Random Facts about the Surrender of General Lee to General Grant
THE SURRENDER OF LEE TO GRANT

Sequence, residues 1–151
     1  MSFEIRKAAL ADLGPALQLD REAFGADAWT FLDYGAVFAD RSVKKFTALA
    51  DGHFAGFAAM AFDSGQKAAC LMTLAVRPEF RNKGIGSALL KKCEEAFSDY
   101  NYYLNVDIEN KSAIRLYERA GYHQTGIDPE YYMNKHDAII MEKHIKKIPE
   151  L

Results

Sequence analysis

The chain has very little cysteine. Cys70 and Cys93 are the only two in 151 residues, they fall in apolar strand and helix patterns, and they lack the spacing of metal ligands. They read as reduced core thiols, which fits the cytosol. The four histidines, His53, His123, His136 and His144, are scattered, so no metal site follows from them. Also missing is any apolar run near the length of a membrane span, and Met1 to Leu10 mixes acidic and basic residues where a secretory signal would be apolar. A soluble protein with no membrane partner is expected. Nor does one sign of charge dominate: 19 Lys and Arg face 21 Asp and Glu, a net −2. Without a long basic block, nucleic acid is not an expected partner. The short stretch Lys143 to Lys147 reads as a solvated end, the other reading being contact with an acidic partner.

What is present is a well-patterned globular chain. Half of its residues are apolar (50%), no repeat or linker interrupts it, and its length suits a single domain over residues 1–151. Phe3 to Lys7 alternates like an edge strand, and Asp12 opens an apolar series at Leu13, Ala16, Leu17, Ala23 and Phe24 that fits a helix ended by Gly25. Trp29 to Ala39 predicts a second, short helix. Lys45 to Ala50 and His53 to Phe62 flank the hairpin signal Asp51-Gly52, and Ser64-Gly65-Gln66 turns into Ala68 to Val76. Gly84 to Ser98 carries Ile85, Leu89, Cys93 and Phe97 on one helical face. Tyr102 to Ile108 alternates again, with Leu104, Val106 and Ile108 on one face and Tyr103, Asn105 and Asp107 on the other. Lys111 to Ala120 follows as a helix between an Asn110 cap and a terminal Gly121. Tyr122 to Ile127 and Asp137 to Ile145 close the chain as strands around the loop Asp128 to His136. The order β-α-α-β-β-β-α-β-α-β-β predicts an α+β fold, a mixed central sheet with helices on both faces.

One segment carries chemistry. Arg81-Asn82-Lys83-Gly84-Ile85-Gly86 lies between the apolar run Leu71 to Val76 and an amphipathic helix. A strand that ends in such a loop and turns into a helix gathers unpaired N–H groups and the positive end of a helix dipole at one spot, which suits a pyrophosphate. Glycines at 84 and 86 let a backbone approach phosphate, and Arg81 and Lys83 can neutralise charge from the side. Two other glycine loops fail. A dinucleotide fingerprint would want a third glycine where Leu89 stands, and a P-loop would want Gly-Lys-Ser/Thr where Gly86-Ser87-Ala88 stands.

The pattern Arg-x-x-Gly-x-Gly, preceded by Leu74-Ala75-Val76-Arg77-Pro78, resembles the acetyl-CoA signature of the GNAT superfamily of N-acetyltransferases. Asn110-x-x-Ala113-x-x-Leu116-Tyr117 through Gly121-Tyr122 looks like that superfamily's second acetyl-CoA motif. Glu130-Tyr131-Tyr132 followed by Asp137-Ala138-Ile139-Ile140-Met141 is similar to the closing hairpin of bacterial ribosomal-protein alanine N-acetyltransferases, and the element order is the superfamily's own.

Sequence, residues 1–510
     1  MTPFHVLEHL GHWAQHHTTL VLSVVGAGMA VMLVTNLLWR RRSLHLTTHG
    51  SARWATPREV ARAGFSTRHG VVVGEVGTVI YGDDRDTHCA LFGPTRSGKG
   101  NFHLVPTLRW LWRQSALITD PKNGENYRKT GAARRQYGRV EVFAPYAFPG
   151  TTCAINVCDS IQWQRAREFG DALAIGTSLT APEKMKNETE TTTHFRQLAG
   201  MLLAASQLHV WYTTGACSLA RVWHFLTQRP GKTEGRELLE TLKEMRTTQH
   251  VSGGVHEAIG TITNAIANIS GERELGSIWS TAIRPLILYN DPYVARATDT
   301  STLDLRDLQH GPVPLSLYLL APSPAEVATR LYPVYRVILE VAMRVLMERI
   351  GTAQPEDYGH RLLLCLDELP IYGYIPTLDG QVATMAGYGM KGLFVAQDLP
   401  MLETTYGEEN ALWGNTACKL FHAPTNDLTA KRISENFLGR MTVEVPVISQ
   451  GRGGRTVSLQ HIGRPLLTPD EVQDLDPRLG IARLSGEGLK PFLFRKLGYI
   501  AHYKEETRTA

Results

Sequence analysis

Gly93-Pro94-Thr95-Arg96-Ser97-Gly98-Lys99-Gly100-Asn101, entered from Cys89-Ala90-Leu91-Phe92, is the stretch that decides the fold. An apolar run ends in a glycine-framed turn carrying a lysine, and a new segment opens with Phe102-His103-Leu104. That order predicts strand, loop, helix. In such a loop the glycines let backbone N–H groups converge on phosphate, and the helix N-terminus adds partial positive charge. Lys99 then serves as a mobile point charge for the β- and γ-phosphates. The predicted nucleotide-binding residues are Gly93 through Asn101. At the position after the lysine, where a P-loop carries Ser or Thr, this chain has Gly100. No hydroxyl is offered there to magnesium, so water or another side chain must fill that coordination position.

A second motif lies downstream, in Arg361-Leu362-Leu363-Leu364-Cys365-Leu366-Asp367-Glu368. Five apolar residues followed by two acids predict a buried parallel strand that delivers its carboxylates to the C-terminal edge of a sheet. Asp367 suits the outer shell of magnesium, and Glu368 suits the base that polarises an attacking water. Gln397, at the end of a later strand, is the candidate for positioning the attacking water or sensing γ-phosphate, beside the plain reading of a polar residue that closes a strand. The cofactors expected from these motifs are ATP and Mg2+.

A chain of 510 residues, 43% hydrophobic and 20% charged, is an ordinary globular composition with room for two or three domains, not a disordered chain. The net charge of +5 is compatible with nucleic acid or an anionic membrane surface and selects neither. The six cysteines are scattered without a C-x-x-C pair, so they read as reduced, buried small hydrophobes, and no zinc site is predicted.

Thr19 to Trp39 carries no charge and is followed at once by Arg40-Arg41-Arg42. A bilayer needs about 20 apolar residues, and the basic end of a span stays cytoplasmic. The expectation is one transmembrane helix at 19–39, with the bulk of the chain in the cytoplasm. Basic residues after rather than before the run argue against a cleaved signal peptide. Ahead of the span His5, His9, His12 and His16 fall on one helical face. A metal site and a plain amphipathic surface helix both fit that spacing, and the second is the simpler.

The surrender of General Lee was made at the house of a farmer named McLean, in Appomattox village, that house having been selected by General Lee himself at General Grant's request for the interview. General Grant went thither, and was met by General Lee on the threshold. The two went into the parlor of the house, a small room, containing little furnishing but a table and several chairs. About twenty Union officers besides General Grant were present, among them the members of the General's staff. The only Confederate officer with General Lee was Colonel Marshall, who acted as his secretary. General Lee, as well as his aid, was in full uniform, and wore a burnished sword which was given him by the State of Virginia; General Grant was in plain uniform, without a sword. After a brief conversation, relative to the meeting of the two generals while soldiers in Mexico, General Lee adverted at once to the object of the interview by asking on what terms the surrender of his army would be received. General Grant replied that officers and men must become prisoners of war, giving up of course all munitions, weapons and supplies, but that a parole would be accepted. General Lee then requested that the terms should be put in writing, that he might sign them. General Badeau says that while General Grant was writing the conditions of surrender he chanced to look up and his eye caught the glitter of General Lee's sword, and that this sight induced him to insert the provision that the "officers should be allowed to retain their side-arms, horses and personal property." This historian thinks that General Lee fully expected to give up his sword, and that General Grant omitted this from the terms of surrender out of consideration for the feelings of a soldier. Badeau says that General Lee was evidently much touched by the clemency of his adversary in this regard. The Confederate chief now wrote his acceptance of the terms offered and signed them. He further requested that the cavalry and artillery soldiers might be allowed to retain their horses as well as the officers, to which General Grant consented, and asked that a supply train left at Danville might be allowed to pass on, as his soldiers were without food. The reply of General Grant to this was an order that 25,000 rations should be immediately issued from the commissariat of the National army to the Army of Northern Virginia. The formal papers were now drawn up and signed, and the interview which ended one of the greatest wars was over.